The record of vice presidents who won election to succeed their predecessors has been meager. After John Adams, Thomas Jefferson, and Martin Van Buren, the only other vice president to win the election after his president stepped down, was Republican George H.W. Bush in 1988 (or in the case of Jefferson, to defeat the president under whom he served).

Biden would have announced but ...
Can Biden clear the Hillary hurdle?
Biden: I'm a white boy but I can jump
Biden, Obama make best workout video ever?

The others who have taken on this challenge since World War II -- Richard Nixon in 1960, Hubert Humphrey in 1968, and Al Gore in 2000 (though some say that he did indeed win the election) -- have not fared well.

While 14 former vice presidents have become president, nine of those took office as a result of the death of their predecessor and then went on to win the election (such as Lyndon Johnson). Richard Nixon was elected president in 1968, but that was seven years after leaving the vice presidency in 1961 and after carefully rebuilding his image as a party statesman.

Why is it so hard for vice presidents? The biggest liability is that they are running at a time when their predecessor has usually become most controversial.

Hubert Humphrey, once the darling of the Democratic base, was bogged down by Lyndon Johnson's record in Vietnam when he ran in 1968.

Even when departing presidents have strong approval ratings, their decisions in the White House have created many issues and earned many enemies. The luster of the early years that an administration enjoys in the White House has worn out.

Supporters of the opposition party usually hate everything associated with the incumbent, while there are often huge tensions within the president's party as well. "I have a f**king target on my back," Politico reported Biden told a confidant in 2012, referring to Democrats who were upset with him about the 2012 budget deal.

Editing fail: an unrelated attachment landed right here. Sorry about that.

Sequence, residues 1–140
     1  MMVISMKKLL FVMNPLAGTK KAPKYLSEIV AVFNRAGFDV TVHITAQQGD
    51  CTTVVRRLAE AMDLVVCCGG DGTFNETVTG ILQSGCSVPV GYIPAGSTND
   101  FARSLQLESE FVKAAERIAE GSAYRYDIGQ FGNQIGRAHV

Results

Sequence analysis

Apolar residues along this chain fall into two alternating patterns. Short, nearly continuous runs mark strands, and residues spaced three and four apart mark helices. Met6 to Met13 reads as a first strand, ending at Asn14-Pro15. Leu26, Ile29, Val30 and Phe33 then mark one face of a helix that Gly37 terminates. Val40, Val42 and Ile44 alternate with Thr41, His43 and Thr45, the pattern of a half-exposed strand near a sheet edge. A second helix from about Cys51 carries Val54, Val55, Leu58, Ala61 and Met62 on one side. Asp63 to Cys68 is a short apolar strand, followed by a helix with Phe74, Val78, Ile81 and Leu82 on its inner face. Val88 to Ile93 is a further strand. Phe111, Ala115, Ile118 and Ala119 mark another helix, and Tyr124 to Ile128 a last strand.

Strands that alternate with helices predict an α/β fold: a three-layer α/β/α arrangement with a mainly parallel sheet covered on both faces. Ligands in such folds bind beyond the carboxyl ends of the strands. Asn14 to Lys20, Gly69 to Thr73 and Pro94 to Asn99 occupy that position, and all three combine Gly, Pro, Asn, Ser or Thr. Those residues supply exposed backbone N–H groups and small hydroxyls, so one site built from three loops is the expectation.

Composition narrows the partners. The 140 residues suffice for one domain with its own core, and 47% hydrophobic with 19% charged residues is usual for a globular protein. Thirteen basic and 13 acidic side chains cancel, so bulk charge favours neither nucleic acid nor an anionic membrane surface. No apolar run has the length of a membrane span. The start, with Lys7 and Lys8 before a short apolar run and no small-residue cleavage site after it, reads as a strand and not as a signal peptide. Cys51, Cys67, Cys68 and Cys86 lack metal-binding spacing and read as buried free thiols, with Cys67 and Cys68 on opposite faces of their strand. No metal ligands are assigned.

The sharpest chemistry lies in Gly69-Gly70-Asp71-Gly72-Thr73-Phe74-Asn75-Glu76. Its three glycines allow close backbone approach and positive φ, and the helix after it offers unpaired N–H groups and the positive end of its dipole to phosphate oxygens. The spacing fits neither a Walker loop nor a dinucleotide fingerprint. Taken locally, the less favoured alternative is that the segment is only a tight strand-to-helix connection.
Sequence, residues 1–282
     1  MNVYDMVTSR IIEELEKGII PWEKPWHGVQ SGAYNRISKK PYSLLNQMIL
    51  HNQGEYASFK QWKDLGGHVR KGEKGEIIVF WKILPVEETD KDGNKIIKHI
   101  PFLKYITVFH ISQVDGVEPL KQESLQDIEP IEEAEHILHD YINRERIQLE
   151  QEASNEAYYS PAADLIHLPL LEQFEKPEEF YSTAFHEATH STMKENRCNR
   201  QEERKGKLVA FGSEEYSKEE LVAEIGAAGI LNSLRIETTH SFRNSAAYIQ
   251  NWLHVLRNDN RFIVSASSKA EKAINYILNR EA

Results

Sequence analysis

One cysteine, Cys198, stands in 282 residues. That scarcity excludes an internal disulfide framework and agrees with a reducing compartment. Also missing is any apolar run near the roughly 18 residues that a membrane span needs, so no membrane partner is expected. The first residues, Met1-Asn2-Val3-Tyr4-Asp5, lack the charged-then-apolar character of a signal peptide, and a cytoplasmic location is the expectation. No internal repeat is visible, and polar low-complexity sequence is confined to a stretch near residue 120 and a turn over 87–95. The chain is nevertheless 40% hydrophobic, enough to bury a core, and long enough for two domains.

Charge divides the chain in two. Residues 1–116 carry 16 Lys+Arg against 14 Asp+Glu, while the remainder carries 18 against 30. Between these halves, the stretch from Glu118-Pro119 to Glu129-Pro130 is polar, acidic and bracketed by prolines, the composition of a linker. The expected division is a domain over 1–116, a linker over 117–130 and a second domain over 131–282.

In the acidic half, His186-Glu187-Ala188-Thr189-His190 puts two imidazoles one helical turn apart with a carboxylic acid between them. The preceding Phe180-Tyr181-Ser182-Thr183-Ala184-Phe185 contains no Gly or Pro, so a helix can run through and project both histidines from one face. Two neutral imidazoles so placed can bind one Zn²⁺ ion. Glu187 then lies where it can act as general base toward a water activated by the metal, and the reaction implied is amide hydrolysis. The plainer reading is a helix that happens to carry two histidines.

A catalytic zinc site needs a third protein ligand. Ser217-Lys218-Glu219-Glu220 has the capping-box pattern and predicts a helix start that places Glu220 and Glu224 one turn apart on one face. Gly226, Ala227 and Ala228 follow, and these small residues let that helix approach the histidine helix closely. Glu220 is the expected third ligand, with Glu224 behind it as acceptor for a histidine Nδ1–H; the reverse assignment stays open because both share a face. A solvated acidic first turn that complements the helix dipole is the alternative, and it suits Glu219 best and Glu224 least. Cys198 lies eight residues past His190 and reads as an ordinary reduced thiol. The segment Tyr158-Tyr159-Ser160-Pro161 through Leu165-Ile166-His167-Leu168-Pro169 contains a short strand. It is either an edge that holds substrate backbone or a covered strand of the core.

It is relatively easy for an opponent -- like John F. Kennedy in 1960 when he beat Vice President Richard Nixon -- to present himself as the fresh voice in politics, in contrast to a tired and potentially worn-out face.

Vice presidents are rarely comfortable as candidates running on their own and relating to their predecessor. On the one hand, they want to derive the benefits from everything that Americans like about the president. Yet, as was the case with Gore, they want to be their own person and separate themselves from the baggage that comes with the existing White House.

The result is that vice presidents running for the presidency flip back and forth on how much they want to attach themselves to the president, never achieving a level of comfort that their opponents can claim.

In the post-Watergate era, railing against Washington is always in fashion, and vice presidents are often the victim. Other than a president himself, nothing symbolizes the establishment more than the person who is second in command.

A vice president who runs for office offers a perfect foil to members of his or her own party, as well as to the opposition party, to paint the race as a contest between Washington and those who want to change Washington. This is true even if the opponent is also a member of the political class.